A World Cup event is more than just a ski race.
At storied venues in Europe, Canada and the western United States, oceans of fans pack around the course and finish line to cheer on their heroes, hanging on every turn carved and tick of the clock. National pride is on display, along with knowledge of and respect for the top racers from other countries.
Afterward, whole towns turn into giant parties in celebration of the athletes, their performances, the sport and its culture.
The Northeast has spent the past quarter-century watching the World Cup from afar, but that changes when the top female ski racers in the world descend on Killington on Saturday and Sunday. More than 90 athletes representing 20 countries are set to lock horns in slalom and giant slalom competitions on Killington’s Superstar trail.
“When the Audi FIS Ski World Cup comes to Killington, it will be the largest-scale event in this mountain’s history, and arguably in the history of Vermont, at least from a snow sports perspective,” said Michael Joseph, communications director for Killington Resort. “A combination of factors … have set this event up to make a huge splash on the world stage.”
One of the biggest of those factors is pent-up demand. It’s been 25 years since New England has hosted a World Cup ski race (Waterville Valley, New Hampshire, 1991), and nearly 40 years since the World Cup stopped in Vermont (Stratton, 1978).
That demand, amplified by advancements in broadcast coverage and social media exposure, means that millions of eyes will be trained on the Green Mountains for the weekend’s events.
“With satellite TV trucks broadcasting … to 60 countries worldwide, the passion and excitement of a crowd conservatively estimated at 10,000-15,000 each day will be on full display for all to see,” Joseph said.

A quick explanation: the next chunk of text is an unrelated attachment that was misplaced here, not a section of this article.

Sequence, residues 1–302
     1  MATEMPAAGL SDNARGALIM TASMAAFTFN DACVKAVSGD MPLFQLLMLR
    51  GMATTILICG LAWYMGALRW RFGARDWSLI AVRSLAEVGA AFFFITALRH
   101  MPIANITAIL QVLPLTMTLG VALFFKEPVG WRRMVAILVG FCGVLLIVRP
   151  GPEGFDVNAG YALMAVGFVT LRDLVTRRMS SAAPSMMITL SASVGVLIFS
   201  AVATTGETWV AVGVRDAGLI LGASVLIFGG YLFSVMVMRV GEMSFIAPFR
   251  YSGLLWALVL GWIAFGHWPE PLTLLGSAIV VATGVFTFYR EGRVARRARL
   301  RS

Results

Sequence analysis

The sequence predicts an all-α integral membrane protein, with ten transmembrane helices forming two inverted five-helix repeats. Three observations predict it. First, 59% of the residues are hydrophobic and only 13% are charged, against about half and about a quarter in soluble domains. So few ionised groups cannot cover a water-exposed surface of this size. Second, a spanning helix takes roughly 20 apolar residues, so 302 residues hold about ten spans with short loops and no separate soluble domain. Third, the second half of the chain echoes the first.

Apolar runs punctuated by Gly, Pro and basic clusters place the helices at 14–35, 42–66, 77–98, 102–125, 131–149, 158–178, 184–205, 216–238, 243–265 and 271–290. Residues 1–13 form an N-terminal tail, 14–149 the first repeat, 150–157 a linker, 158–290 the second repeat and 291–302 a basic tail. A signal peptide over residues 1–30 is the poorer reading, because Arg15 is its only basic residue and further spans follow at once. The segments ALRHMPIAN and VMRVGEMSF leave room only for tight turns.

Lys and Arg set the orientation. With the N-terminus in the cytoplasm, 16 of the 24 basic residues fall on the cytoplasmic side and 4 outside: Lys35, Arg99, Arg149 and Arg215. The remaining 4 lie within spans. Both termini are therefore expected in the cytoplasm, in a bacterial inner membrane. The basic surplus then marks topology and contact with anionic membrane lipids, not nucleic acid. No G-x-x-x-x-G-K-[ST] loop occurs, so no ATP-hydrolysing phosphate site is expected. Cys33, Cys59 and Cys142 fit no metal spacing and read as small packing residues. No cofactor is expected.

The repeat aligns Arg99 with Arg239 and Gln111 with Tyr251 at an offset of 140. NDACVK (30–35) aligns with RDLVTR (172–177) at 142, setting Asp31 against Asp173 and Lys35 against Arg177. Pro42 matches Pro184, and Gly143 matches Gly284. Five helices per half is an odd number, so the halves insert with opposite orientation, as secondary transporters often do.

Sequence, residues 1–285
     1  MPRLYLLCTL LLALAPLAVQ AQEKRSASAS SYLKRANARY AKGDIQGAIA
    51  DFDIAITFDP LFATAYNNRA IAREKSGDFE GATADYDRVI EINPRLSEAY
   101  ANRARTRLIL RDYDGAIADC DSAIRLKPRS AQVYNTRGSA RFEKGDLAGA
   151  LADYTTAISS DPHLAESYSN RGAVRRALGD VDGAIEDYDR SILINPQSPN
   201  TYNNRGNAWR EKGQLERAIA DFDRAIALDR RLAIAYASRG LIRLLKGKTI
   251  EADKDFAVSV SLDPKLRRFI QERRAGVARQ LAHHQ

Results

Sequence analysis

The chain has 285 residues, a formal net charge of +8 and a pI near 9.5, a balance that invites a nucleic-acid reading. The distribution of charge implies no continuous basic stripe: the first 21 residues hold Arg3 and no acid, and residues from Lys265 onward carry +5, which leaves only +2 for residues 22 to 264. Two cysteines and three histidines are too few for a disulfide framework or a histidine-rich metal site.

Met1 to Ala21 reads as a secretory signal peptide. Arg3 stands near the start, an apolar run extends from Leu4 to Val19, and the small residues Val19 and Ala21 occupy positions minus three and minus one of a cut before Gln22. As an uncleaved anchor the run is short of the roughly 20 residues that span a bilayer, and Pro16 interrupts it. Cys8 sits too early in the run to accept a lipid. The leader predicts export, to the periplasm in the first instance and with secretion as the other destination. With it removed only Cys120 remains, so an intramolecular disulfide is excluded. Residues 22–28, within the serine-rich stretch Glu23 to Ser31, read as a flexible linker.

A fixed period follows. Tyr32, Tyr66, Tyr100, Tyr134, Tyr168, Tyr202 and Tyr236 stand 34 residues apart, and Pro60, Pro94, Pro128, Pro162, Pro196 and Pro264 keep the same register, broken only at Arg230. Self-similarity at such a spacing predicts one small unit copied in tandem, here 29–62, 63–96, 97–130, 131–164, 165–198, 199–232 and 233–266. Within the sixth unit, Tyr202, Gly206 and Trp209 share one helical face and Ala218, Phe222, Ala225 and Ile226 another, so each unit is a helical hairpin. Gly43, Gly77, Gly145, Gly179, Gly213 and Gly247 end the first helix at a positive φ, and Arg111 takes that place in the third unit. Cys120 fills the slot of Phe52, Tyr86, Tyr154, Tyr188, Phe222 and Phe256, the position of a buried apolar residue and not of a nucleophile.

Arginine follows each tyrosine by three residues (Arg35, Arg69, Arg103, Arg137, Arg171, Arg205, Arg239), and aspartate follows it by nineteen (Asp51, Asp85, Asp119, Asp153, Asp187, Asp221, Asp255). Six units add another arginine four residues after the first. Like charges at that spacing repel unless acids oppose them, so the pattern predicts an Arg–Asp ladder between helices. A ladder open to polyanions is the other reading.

“And the best part is that it’s totally free to attend the races. Even the parking and shuttles are free.”
Skiers to watch
Fans of U.S. skiing caught a tough break Nov. 10, when superstar Lindsey Vonn — the winningest female alpine ski racer of all time — suffered a “severe fracture” of the humerus bone in her right arm during a training run crash at Copper Mountain in Colorado. Vonn is likely to miss the remainder of the World Cup season while recovering.
That leaves Mikaela Shiffrin as the indisputable marquee attraction for fans of the Stars and Stripes. Shiffrin already has a strong fan following in New England; she grew up skiing in New Hampshire and attended Burke Mountain Academy in Vermont’s Northeast Kingdom. She has taken the rest of the skiing world by storm since, bringing home the gold medal in slalom from the 2014 Winter Olympics in Sochi, Russia.
The defending two-time world champion in slalom, Shiffrin enters Saturday’s race on a remarkable hot streak: She’s won 12 consecutive slalom races, including her last nine in World Cup competition.
Following her latest win — in the World Cup season-opening slalom Nov. 12 in Finland — Shiffrin said her winning streak hasn’t given her even a bit of breathing room in a women’s field packed with talent.
“I am not unbeatable, I can tell you that,” Shiffrin said. “A lot of these girls know that, and they’re shooting to be the first to beat me now.
“So every race I have to be faster, and it’s certainly not a comfortable position.”
Vermont fans will have another familiar face to root for at Killington: Laurence St. Germain, a junior at the University of Vermont who races for the Catamounts and represents her home country of Canada in World Cup competition.
St. Germain raced in most of last season’s World Cup slaloms before a knee injury knocked her out of competition for six weeks. She returned in time to participate in Finland earlier this month.
UVM coach Bill Reichelt said a year of World Cup experience should help St. Germain’s confidence on the course, and fans should keep an eye on how relaxed she appears as an indication of that.
“Sometimes she holds back a little bit during her first run, and can look a little tight or stiff,” Reichelt said. “If she’s looking fluid, it’s a good indication that she’s relaxed and going for it — just letting (her skis) run.”
Other skiers to keep an eye on include two of Shiffrin’s U.S. teammates, Julia Mancuso and Resi Stiegler.
Where to watch
Undoubtedly, many fans in Vermont haven’t had the opportunity to attend a World Cup event before. They are used to high school, college and league races in their home state, where the fans typically wear their own boots and skis, ride the same lifts as the racers and descend along the sides of the course until they find an optimal vantage point.